Howard Tech High School Receives Funding from JPMorgan | Referral Business

Joshua Simplice says he has been fascinated by computers since childhood.

The Howard Institute of Technology sophomore had built a computer from scratch as a freshman and was working on a video game with his classmates.

“There’s a lot of opportunity here — not just computer networking,” Simplice said. “You can go farther at Howard and save yourself a lot of money; you basically don’t have to pay for college.”

He and as many as 25 other students have the opportunity to earn 30 college credits in their sophomore, junior and senior years for an associate degree in information technology and networking, which they can then continue to complete at Delaware Institute of Technology, said Chancellor Mark Brainard.

“About 60-65 percent of students graduate from Delaware Tech with no debt,” Brainard said. “Before starting your life, buying a house, [and] Start a family. “

This grant, valued at more than $250,000, is helping students succeed financially, intellectually and through field experiences, which has always been the goal of Principal Kyle Hill.

Additionally, Howard Tech High School stated that they focus on the concept of continuous improvement in everything they do.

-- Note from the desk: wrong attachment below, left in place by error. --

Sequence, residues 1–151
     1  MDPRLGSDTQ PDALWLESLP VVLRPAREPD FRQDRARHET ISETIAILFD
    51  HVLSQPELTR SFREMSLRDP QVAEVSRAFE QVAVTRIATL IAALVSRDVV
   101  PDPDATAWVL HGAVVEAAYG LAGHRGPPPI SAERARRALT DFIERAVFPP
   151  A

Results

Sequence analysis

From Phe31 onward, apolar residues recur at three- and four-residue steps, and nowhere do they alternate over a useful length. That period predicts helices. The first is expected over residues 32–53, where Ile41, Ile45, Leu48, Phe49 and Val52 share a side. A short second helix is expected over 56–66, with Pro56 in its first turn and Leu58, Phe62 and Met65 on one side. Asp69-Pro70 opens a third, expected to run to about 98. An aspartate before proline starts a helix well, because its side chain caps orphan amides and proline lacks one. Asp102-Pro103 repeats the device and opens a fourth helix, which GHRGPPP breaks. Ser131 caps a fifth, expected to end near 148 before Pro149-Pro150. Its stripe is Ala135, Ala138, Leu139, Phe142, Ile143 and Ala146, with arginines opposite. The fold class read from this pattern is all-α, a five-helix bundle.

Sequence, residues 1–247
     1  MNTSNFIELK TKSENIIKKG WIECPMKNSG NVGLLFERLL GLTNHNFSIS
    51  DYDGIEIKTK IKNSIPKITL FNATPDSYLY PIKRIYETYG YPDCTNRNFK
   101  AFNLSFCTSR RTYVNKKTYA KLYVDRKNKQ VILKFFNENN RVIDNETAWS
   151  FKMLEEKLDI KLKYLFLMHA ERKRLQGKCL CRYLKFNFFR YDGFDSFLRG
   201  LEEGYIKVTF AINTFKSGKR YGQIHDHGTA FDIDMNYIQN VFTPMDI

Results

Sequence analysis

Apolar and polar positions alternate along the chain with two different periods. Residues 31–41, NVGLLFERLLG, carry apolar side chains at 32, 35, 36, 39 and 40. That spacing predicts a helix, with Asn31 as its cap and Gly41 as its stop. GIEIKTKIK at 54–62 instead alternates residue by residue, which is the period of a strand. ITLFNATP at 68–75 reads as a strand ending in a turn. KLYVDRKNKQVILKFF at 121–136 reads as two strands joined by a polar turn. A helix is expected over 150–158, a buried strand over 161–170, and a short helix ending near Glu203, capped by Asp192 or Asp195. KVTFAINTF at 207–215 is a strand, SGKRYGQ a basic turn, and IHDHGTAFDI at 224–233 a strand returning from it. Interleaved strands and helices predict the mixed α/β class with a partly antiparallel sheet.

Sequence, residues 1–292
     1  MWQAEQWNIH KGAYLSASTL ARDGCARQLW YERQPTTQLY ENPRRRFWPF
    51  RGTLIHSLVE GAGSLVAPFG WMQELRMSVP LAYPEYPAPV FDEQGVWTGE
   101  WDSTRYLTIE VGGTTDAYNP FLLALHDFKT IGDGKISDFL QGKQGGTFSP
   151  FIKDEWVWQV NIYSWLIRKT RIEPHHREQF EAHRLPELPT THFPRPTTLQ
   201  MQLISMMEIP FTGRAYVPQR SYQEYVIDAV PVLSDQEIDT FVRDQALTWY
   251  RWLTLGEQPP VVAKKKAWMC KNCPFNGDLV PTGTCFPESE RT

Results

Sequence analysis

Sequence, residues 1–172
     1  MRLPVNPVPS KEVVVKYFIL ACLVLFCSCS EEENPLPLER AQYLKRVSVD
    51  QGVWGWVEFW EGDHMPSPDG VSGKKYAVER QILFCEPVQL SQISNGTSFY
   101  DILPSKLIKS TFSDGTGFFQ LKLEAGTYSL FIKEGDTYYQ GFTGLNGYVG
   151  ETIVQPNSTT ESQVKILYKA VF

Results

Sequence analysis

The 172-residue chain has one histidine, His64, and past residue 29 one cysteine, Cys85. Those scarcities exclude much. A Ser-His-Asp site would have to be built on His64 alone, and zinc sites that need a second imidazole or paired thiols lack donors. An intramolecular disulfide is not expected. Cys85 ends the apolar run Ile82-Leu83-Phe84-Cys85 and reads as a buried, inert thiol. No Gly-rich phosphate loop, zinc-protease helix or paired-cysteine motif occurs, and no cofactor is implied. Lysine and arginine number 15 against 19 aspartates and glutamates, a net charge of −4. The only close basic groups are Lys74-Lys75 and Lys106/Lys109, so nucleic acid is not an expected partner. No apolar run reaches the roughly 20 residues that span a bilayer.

“I had many conversations with our Head of School, Dr. Jones, about how quickly the industry is changing and the need for our school and our district to be flexible and adapt to the needs of the industry,” Hill said.

For 2021, JPMC awarded a $285,000 grant to Delaware Tech Community College.

Funding connects the College’s information technology and networking students with career exposure, internships and employment opportunities.

It also launched its first 1+1 program with Howard Tech High School, which Tom Horn, head of JPMorgan’s Delaware market, expressed support for.

“Talent is evenly distributed, but opportunity is not,” Horn said. “We try to do [this] Making a difference in closing the racial wealth gap and creating opportunity in the communities where we live and work — often for Black and Hispanic communities. ”

Funding, support and guidance are enabling students to lead promising, successful lives after completing their studies.

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